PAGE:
Chapter 16Not Too Big, Not Too Small

Small deals can sink you, but so can big ones. Mark Suster envisioned customers as three kinds of animals—rabbits, deer, and elephants—and came up with the metaphor “Most startups should be deer hunters.” For early-stage companies, he said to focus on the deer (good-sized deals) and avoid the rabbits (too small) and the elephants (the largest companies and deals, which are difficult to sell to and service, very demanding, and hard to make successful).

Mark wrote, “It's tempting on many levels to be an elephant hunter. If you manage to kill an elephant, it'll have so much meat it will feed you for a long time. But elephants are hard to catch, and they take whole teams of people to bring down. They take special tools. If you're not successful you may starve. And if you do catch them, it could be even worse. Avoid elephants in your early stages.”

David tackled Goliath, but your life is not a myth. Be smart about the largest deals and companies that you can:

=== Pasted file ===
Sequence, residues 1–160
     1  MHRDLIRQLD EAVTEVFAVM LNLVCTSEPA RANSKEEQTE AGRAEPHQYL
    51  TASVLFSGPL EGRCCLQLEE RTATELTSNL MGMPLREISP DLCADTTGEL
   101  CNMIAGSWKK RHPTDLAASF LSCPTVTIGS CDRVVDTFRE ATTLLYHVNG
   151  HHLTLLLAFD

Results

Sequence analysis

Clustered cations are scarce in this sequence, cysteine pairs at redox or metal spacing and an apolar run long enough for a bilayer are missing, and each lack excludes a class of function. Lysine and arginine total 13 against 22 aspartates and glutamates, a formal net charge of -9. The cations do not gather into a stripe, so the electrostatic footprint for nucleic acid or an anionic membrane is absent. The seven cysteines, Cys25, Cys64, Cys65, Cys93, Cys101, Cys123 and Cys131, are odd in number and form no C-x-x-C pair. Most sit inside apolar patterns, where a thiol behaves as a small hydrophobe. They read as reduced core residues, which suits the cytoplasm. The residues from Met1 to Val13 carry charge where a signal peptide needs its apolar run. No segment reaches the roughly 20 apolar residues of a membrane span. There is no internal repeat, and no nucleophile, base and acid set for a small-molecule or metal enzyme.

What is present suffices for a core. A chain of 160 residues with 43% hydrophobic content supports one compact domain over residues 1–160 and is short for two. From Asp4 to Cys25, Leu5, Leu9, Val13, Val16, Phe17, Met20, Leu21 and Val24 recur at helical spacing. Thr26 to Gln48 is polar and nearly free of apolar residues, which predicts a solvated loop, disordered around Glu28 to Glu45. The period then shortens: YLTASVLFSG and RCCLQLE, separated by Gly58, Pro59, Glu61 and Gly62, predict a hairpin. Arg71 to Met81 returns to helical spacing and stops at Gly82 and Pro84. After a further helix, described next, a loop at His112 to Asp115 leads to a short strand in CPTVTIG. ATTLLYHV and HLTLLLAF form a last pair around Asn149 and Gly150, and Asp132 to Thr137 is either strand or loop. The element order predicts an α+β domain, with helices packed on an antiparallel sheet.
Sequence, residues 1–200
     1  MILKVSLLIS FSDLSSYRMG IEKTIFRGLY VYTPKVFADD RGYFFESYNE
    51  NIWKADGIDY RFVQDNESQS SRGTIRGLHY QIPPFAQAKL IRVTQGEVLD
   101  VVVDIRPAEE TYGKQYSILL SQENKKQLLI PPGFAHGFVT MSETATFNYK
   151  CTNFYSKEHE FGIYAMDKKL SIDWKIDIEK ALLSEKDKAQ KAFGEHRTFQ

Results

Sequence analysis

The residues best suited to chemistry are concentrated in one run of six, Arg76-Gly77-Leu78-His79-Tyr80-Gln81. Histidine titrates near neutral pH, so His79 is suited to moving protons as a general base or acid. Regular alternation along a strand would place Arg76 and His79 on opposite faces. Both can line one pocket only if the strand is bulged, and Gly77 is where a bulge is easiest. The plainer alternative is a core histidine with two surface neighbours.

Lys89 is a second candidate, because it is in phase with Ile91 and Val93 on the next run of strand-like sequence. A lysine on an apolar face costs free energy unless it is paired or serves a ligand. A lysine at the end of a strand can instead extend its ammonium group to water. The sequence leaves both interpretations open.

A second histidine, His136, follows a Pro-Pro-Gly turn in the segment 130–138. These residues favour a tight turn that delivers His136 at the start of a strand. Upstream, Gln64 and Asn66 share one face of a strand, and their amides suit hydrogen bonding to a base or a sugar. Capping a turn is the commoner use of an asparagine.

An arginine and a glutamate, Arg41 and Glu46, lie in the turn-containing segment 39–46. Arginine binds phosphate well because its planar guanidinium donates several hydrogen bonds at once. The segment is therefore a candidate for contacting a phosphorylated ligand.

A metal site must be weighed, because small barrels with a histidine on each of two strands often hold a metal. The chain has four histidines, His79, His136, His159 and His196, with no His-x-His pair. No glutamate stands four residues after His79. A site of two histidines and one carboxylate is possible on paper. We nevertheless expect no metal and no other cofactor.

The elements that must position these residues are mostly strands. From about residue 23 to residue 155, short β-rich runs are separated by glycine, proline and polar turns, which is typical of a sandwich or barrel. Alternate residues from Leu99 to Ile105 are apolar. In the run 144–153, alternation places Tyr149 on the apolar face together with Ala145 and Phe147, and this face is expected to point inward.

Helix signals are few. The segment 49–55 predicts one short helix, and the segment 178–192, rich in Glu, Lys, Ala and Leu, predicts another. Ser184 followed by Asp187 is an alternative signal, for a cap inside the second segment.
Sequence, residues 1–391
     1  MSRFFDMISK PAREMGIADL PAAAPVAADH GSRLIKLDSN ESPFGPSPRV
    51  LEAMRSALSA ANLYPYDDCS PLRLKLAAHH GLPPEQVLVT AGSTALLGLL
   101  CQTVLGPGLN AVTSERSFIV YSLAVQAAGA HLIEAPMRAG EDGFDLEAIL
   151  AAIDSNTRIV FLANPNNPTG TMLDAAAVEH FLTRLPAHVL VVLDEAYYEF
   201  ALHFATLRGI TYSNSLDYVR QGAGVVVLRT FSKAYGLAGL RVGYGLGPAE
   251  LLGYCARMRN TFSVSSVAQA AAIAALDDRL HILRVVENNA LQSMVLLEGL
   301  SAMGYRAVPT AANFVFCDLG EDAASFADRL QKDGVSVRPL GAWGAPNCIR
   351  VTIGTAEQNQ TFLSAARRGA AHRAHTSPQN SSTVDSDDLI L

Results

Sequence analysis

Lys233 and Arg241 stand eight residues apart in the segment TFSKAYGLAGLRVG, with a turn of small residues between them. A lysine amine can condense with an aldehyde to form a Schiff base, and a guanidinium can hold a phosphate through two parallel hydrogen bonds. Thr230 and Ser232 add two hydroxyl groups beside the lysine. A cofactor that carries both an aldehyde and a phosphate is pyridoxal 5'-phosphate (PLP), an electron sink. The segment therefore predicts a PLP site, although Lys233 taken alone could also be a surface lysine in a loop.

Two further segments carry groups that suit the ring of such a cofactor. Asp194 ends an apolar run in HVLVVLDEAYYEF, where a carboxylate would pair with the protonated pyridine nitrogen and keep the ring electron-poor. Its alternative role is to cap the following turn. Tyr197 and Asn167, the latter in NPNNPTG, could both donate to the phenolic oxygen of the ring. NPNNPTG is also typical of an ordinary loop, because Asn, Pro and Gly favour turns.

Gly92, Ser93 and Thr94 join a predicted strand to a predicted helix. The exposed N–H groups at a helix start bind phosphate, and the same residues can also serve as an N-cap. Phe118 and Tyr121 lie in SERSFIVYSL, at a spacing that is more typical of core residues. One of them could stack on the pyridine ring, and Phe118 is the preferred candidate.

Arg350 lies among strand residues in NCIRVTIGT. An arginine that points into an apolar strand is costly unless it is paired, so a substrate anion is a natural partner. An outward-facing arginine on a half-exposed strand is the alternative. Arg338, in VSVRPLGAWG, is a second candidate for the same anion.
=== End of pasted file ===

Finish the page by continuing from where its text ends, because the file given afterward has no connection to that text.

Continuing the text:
1. Realistically close
  2. Realistically help succeed in a big way
  3. And that won't kill you with new product requirements or service level expectations that take your business off course

When You Can't Turn Small Deals into Big Ones

If you're doing lots of small deals with big companies but nothing's turning into bigger opportunities, something's off. It could be that you're not selling high enough; the product isn't a need for your customers or explained the right way to them, or perhaps you're ...

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